So, here’s my solution for saving public healthcare. CHARGE up to $50 per visit. Without any rebate whatsoever from people earning above a minimal income. And it’s as easy to do, as programing a universal healthcare credit card, much like a regular credit card.
No one pays at the doctors’ office. The doctors will still be paid by the government. However; every visit to the doctor will be charged as REVENUE to the patient, just as if the user EARNED that amount of money. And at year’s end, the total would be added to INCOME.
It would also be a simple matter to set up a CAP based upon total income. In other words, at say $1,000 or so dollars, there would be no additional charges. Or the government could implement a sliding scale based upon total income. And it would be just as simple NOT to charge anything to our poorest citizens.
This system would achieve several very important objectives.
1) It would not penalize the poor. Nor does it deprive anyone of any services.
2) It would not stigmatize anyone at the doctors’ office, because no one would be asked to pay anything, other than at year’s end through income tax.
3) It would mostly slam the door shut to people who steal form our healthcare system. I am speaking of non Canadians or non landed immigrants who very often use the healthcare cards of others for free doctor visits.
4) It would discourage people who abuse the healthcare system simply because they want attention, or because of hypochondria.
5) Because of preceding numbers 3 and 4, it would reduce the demand on the system overall, leaving doctors with more time to do what they should be doing, with LESS stress.
6) It would put much more money into the pockets of our physicians, which would become a tremendous incentive for doctors to keep practicing within Canada. And as a draw for doctors from abroad who want to practice in a publicly funded environment.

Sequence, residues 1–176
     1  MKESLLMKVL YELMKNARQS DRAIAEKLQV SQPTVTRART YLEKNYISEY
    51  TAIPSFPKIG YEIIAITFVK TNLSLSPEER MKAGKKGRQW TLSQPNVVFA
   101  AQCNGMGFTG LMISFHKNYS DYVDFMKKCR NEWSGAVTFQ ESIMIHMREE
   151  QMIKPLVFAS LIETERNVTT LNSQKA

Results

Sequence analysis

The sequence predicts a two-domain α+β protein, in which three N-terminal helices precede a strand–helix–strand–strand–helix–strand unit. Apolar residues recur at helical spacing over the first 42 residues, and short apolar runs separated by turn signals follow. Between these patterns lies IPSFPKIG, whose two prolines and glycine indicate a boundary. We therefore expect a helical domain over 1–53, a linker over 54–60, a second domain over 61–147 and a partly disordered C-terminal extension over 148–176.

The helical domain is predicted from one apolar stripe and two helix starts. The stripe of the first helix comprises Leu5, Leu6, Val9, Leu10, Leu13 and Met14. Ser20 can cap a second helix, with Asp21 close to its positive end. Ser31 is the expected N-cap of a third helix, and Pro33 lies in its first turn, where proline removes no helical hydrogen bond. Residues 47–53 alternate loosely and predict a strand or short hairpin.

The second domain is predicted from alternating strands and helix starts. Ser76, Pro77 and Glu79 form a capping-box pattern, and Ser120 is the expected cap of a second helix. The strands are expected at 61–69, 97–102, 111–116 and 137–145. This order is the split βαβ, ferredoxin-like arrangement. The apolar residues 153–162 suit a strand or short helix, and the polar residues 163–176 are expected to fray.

7) It would free up an awful lot of money for hospital services, diagnostics and home-care. Maybe even for a public prescription drug program.
8) And finally. Instead of raising taxes to maintain a non functioning system. We could have a better system in place with less tax dollars.
For this concept to really work, the governments; ALL THE GOVERNMENTS, would have to get out of the management of healthcare, and turn it over to FOR-PROFIT healthcare providers, whose ONLY revenue for PUBLIC healthcare would come from the governments.
In other words, the governments would still be paying for PUBLIC non elective procedures, run by private concerns who would have to administrate themselves efficiently; like any business.
In effect, we already have a FOR-PROFIT system in place that works incredibly well. Every time we visit our family doctors, who are working out of their own clinics, we are dealing with a form of FOR-PROFIT privatized healthcare.
With a system such as this; no one will be denied access to healthcare. No one will have to pay more in taxes for diminishing services. And the healthcare industry will grow entirely on its own, without the humongous layers upon layers of useless and costly government bureaucracy.
A few years ago, I sat on the board of directors at the West Island Lakeshore General Hospital (Montreal) for a grand total of two meetings. I quit at the second meeting, and lied to the public about the reason for my leaving. I didn’t want to hurt or embarrass anyone who was on the board of directors, who were in their own minds making a contribution. However; the truth be told, for what the board of directors did, there was a s much reason for there to be a Board of Directors at the Lakeshore General Hospital, as there would be for a refrigerator sales person in the arctic.
The system STINKS. The government is an impediment, and the Board of Directors in this case were healthcare pacifists, who sat at meetings shaking their heads like good little mandarins, doing whatever they could, NOT to make waves. In a private system, only the competent and innovative would survive. And bureaucracy would not be able to exist. There might not even be Boards of Directors, unless the healthcare provider was a public company.
By simply throwing more money into an already diseased system, as the Romanow report suggests we do; all we will be guaranteeing will be the eventual implosion of public universal healthcare. Leaving only financially comfortable people, who will be able to receive treatment and services by heading south, or by dealing in what could conceivably become black market healthcare.
Instead of trying to fix a terminally ill problem. It is time to salvage the best of what is. Create what should be. And scrap the rest. It can be done. And the government should not have to spend $15 million dollars to figure out how.